Unemployment Rate in the States of Europe

The unemployment rate is an essential aspect of determining the country’s economic health. Despite falling in unemployment levels in Europe, they still remain high. The young job seekers find it hard to get a job and compete against others. The experienced workers are suffering under jobless rates twice as high as general unemployment.

Companies such as Microsoft and Fujitsu created many job opportunities in some of the countries. However, some fields, such as information technology, face shortness qualified workers. Due to this, the company has to hire workers from abroad instead of the country itself. The skill mismatch has no fast solution because it takes time to learn new skills. Many students opt for degrees that will help them to obtain such positions.

Out of 15.475 million men and women, 12.251 million in the European states were unemployed in December 2019. Compared to November 2019, the unemployment states have decreased by 80,000. The European countries seasonally adjusted the unemployment rate in December 2019 was 7.4% and 7.5% in November 2019.

Unemployment in the Member States

In December 2019, among all the member states of Europe, the lowest unemployment rate recorded in the Czech Republic of 2.0%. Germany and the Netherlands come in the second position with a rate of 3.2%. The highest rate of unemployment observed in Greece with 16.6% and Spain with 13.7%. As compared with last year, the unemployment rates fell in 21 states. However, they remain the same in Denmark. The unemployment rates increased in Cyprus (7.4% to 7.6%), Slovenia (4.4% to 4.6%), Lithuania (5.8% to 6.1%), Portugal (6.6% to 6.9%), Luxembourg (5.2% to 5.6%), and Sweden (6.5% to 6.9%). The largest decrement observed in Greece (18.5% to 16.6%), Bulgaria (4.7% to 3.7%), and Croatia (7.3% to 6.4%). The unemployment rate in the United States was stable, with 3.5% compared with November 2019.

Youth Unemployment in Europe

In December 2019, the number of unemployed youth was 3.155 million, out of which 2.213 million were from member states. Compared to December 2018, youth unemployment decreased in 143,000 in Europe. The youth unemployment rate was 14.1% in December 2019 and in member states, it was 15.3%. The lowest rates of youth unemployment in December 2019 recorded in the Czech Republic (4.3%), Germany (5.8%), and Netherlands (6.7%), while the highest rates were Greece (35.6%), Spain (30.0%), and Italy (28.9%).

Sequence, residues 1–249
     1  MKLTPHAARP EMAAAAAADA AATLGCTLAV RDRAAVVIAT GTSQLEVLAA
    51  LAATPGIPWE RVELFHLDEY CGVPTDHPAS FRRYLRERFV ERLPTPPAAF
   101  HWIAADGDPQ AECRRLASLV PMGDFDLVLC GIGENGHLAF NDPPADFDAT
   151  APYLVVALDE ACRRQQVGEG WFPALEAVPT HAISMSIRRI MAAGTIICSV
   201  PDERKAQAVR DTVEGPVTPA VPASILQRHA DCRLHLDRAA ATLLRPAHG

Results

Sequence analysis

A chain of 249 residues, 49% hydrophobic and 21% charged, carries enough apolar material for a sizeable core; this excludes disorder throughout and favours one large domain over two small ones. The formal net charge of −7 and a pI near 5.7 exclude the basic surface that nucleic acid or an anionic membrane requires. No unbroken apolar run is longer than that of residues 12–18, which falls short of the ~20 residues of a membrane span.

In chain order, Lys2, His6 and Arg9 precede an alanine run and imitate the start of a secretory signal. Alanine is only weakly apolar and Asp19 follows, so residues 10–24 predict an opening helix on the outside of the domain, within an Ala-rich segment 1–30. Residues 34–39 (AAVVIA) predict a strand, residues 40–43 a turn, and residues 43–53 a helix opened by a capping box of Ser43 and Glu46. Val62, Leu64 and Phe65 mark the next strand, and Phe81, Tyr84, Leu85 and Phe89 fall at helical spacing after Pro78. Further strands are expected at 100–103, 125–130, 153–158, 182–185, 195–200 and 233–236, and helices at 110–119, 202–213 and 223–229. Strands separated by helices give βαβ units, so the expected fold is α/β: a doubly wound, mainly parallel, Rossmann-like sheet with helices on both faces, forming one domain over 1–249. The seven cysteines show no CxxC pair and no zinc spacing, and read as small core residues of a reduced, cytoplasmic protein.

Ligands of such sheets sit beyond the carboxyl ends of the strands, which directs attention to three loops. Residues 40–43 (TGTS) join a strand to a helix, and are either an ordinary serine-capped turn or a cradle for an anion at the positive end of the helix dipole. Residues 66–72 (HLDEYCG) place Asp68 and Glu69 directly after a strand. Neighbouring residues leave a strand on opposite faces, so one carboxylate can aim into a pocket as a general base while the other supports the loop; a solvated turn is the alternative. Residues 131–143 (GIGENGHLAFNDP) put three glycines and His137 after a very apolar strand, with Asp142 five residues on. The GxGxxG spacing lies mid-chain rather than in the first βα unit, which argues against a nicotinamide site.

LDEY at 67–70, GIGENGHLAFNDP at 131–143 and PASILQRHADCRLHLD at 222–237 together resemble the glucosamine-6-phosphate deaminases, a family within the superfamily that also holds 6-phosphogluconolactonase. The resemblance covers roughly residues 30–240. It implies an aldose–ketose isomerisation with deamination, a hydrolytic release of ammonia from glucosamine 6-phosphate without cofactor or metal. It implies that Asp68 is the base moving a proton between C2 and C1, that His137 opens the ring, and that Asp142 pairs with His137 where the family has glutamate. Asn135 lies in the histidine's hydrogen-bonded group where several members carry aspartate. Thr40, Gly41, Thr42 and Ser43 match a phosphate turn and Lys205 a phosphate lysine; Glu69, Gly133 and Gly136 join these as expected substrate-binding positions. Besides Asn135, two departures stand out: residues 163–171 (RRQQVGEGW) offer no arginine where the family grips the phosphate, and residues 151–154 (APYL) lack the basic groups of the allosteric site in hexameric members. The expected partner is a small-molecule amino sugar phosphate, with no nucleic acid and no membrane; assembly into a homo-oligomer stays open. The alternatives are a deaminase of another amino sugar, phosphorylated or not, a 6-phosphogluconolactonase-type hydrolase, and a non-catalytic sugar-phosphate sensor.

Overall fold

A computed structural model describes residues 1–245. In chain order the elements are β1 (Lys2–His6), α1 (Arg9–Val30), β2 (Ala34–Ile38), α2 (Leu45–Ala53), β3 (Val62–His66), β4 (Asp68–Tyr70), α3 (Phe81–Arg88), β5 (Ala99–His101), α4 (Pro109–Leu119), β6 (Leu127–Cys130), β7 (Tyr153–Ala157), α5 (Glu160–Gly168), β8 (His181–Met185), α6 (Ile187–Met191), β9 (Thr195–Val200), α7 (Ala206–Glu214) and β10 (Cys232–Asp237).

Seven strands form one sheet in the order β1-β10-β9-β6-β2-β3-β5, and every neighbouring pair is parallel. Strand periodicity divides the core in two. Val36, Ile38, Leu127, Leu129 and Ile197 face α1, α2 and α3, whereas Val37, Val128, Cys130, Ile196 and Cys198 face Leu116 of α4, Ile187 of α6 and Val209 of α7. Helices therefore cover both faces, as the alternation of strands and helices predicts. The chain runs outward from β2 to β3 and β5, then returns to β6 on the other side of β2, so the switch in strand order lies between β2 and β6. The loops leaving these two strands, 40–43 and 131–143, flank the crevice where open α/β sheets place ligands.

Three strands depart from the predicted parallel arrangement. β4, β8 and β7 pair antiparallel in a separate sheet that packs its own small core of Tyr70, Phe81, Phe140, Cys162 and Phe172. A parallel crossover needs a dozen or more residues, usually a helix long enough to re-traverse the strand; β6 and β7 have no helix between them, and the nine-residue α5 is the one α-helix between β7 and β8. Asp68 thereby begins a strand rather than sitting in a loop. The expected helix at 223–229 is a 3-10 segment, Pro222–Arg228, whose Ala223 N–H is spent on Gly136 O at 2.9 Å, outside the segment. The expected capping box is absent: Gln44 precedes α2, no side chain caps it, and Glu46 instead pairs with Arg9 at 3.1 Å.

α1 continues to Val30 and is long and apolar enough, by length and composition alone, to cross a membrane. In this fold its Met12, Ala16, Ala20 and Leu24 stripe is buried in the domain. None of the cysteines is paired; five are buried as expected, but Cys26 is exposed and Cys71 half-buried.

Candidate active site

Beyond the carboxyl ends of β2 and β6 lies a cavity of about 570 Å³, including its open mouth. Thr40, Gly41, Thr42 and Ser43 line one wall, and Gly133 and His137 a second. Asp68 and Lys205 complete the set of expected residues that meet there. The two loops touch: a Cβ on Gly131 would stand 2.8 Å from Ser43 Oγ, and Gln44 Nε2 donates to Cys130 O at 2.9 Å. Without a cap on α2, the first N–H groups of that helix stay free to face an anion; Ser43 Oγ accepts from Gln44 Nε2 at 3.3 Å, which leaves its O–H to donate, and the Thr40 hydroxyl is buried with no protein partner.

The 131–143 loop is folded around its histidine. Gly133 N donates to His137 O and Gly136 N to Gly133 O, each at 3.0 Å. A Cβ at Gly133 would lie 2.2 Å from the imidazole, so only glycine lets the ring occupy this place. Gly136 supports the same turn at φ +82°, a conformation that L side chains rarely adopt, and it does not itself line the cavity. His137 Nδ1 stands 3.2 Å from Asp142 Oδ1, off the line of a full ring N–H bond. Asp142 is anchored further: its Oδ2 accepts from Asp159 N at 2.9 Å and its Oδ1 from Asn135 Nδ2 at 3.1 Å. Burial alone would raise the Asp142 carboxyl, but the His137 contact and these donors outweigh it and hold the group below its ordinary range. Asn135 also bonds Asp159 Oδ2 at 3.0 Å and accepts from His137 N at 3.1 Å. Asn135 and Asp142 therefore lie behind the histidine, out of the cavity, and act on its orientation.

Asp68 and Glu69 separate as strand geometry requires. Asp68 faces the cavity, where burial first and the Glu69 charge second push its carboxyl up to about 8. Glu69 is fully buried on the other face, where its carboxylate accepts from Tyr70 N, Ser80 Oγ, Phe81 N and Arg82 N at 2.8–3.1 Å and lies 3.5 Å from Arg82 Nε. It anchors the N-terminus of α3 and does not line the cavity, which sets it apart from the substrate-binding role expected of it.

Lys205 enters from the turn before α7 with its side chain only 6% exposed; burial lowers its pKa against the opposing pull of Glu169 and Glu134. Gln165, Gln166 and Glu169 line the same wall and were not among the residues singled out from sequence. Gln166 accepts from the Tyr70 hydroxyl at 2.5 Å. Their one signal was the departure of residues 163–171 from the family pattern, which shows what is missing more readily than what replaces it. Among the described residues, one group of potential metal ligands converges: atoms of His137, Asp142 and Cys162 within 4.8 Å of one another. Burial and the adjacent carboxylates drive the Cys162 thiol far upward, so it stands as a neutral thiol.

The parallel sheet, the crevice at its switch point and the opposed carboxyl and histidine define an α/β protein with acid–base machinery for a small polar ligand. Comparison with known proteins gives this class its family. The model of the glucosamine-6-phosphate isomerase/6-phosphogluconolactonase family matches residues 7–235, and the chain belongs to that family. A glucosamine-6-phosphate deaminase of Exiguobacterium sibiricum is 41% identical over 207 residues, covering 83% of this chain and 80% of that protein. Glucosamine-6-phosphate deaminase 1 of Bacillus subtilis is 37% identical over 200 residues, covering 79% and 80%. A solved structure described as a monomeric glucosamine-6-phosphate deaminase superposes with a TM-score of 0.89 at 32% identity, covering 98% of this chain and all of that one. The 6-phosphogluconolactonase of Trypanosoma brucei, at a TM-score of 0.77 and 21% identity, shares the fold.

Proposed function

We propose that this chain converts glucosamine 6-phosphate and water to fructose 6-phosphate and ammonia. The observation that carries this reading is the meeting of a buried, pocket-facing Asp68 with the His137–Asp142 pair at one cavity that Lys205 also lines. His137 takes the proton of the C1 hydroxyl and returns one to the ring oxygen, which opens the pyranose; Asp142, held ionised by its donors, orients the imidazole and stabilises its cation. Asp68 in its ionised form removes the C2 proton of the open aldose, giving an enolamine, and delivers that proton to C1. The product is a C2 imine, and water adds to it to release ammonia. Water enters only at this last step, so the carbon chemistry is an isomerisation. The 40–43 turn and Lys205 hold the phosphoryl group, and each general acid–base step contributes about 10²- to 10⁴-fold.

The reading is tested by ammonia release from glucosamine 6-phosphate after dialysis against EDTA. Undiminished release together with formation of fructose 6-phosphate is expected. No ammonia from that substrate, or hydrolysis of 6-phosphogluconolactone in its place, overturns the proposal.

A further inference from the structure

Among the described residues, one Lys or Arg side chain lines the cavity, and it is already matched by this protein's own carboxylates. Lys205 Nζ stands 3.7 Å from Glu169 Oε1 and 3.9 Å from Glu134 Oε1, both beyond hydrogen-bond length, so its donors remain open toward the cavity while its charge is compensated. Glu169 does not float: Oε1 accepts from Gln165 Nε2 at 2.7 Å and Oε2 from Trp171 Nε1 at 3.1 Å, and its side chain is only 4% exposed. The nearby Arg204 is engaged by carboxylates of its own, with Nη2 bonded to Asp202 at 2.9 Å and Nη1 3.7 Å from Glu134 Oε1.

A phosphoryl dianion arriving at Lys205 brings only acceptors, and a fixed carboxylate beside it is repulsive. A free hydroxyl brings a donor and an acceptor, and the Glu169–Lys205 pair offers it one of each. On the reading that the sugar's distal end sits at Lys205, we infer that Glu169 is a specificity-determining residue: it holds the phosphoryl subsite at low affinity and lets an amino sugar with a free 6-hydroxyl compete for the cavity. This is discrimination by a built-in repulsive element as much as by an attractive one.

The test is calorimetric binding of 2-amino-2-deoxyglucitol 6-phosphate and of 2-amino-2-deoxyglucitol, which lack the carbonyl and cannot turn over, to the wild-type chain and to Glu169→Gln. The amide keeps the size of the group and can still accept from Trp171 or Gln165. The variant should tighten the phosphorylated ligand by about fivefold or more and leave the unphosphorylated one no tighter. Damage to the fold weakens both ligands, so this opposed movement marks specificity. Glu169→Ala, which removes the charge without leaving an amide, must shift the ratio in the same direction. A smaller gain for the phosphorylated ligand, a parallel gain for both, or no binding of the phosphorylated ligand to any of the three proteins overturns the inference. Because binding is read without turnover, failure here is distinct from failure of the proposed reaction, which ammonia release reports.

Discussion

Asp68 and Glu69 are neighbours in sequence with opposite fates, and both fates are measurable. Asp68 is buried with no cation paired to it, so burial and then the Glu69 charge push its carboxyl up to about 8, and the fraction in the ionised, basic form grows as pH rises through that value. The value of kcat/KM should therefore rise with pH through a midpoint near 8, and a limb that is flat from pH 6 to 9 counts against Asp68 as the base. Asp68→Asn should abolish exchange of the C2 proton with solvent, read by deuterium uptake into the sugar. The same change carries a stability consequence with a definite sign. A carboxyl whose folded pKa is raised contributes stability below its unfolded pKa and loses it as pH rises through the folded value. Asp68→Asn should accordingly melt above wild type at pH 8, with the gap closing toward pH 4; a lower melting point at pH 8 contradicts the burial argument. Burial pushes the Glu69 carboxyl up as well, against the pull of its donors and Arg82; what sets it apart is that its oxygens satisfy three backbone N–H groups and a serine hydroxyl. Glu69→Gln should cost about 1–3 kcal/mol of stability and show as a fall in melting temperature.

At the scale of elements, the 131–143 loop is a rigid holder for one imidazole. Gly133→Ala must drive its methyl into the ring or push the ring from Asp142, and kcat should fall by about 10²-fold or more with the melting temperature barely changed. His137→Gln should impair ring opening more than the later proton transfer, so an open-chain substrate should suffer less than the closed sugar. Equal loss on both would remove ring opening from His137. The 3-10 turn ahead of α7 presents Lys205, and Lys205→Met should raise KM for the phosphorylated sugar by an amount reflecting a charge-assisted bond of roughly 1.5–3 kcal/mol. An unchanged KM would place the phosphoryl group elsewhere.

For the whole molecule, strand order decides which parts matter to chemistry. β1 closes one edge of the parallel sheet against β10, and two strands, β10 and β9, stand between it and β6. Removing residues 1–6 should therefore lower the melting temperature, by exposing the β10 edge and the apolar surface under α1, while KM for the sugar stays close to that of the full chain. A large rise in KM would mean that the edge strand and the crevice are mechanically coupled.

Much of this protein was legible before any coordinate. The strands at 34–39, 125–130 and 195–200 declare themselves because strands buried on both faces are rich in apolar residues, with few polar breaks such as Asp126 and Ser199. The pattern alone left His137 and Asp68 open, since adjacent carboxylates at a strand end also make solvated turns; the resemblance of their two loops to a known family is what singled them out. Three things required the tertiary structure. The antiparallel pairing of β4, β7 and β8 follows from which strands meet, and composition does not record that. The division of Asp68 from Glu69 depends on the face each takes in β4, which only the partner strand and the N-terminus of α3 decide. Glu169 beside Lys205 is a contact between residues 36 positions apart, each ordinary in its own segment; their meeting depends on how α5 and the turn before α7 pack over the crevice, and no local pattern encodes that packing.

Unemployment rates move cyclically and related to the general business cycle. However, other factors that affect unemployment rates are labor market policies and demographic developments. Youth unemployment is usually much higher than the unemployment rates of all ages. Among the rates for the total population, the youth unemployment rate sharply decreased between 2005 and 2007. The high youth unemployment rates reflect the problems faced by young individuals in finding jobs. The youth unemployment ratio calculates the share of unemployed for the whole population.

Longer-Term Unemployment Trends

There are some unemployment trends that have long term effects on the country’s economy. These are:

Trends in Europe: Unemployment Rate at Low Time

At the beginning of 2000, the number of unemployed people was more than 20.5 million. The unemployment trend at that time was low. In 2001, the number of unemployed persons had dropped to 19.6 million. At the end of 2004, the unemployment rate was 9.2%, and the number of job seekers exceeds to 21.2 million. In mid-2010, the unemployment rate rises to more than 6.7 billion. Since 2011 and until the end of 2013, the unemployment rate remarkably increased by the rate of 11%. After that, at the end of 2018, the rate has decreased and reached a low level of 6.6%.

Trends in the United States and Japan

The unemployment rate in the United States was around 4% in 2000. The rates remained lower until early 2008. By the beginning of 2009, the rates in the United States reached the same level as Europe and reached above in 2010. At the end of 2018, the unemployment rates decreased and reached 3.8%. In Japan, unemployment rates were much lower than in Europe between 2000 and 2018, ranging from 5.4% to 2.4%.

Gender Unemployment in the States

Historically, women get more affected by unemployment than men. The unemployment rate for women was 10%, while the rate for men was 8% in 2000. But this gender gap narrowed between 2002 and 2007. In 2009, the male unemployment rate was higher than that of the women. The decline of men’s unemployment rate during 2010 and 2011, the stability in women’s rate, brought the male rate below once again. At the end of 2013, both male and female unemployment rates started to decline and reached 6.3% and 6.9%, respectively.

The unemployment rates are an important factor for both social and economic dimensions. The unemployment rate is considered a lagging factor, and it usually takes several months to change the unemployment rates.